Where have all the tochkas gone? It's quite easy to work out. Most of their clientele have departed long ago: many to work in the "Old EU", others to eternal rest in graveyards.

The choice of location for a new graveyard (the old one is close to saturation point) is currently the hottest topic in local public discourse, usually shaped by the things well beyond control of the local council -- despite the fact that it publishes the only media specifically devoted to local life. It's monthly and it's free (notionally: it is paid for from the municipal budget).

This writer adores this bulletin and waits for it to be delivered with great eagerness: it covers (invariably good) work of the council members with the assiduousness of North Korea's state information agency reporting Kim Jong-un's meeting with top military brass. It also cheerfully congratulates newborns and solemnly mourns the deceased, listing all of them by names. A typical monthly body count is three arrivals to eight departures. That's the new normal, but this writer remembers really abysmal months, like zero to thirteen (and once there was a positive anomaly — seven to three).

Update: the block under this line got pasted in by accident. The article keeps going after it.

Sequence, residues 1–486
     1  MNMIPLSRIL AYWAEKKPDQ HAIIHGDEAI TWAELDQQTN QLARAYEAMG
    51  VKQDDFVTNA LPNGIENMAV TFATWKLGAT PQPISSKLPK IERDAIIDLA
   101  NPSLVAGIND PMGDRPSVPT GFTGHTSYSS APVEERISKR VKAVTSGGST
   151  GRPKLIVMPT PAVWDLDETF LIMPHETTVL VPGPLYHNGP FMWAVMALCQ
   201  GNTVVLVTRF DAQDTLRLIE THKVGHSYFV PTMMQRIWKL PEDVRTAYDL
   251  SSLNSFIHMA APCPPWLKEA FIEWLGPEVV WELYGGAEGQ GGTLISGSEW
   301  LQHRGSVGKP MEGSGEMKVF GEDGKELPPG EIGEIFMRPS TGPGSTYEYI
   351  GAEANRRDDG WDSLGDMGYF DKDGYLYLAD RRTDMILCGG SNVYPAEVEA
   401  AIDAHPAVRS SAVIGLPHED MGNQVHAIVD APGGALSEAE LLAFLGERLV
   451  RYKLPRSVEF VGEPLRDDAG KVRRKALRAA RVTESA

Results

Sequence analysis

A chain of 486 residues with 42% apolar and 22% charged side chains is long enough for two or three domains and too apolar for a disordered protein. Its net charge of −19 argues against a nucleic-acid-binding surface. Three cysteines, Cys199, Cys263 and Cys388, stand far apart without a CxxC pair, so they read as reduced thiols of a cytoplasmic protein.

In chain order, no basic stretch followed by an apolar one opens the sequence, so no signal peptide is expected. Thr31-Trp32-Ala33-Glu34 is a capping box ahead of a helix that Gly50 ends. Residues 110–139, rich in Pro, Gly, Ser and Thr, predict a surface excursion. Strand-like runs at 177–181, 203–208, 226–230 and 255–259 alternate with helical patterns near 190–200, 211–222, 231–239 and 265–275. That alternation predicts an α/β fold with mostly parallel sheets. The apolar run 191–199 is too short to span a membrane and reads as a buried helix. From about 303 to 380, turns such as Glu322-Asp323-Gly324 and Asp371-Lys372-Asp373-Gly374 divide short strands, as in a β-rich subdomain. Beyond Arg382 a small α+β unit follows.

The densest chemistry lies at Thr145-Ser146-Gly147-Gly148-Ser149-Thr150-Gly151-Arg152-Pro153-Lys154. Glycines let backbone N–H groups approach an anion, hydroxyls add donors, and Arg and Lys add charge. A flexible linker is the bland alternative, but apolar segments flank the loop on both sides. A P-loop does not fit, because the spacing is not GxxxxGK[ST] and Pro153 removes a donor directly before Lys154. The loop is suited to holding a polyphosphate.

Minors do not drink moonshine; some elders obviously do. Or did. However demography alone cannot explain the hard fact of the last tochka going bust. Outmigration played a significant role.

On the surface, it's pretty strange: it's a nice place to live, with the sea and a lake within a spitting distance, with good asphalt road leading to the next village complete with very decent pre-school and middle school and a doctor's practice further up the coast to Riga. But sadly that is exactly the road many locals of working (and therefore both of child-bearing and legal drinking) age have taken, with some settling in Riga and others as far away as Svalbard and Madeira.

There is work on faraway shores, but not here.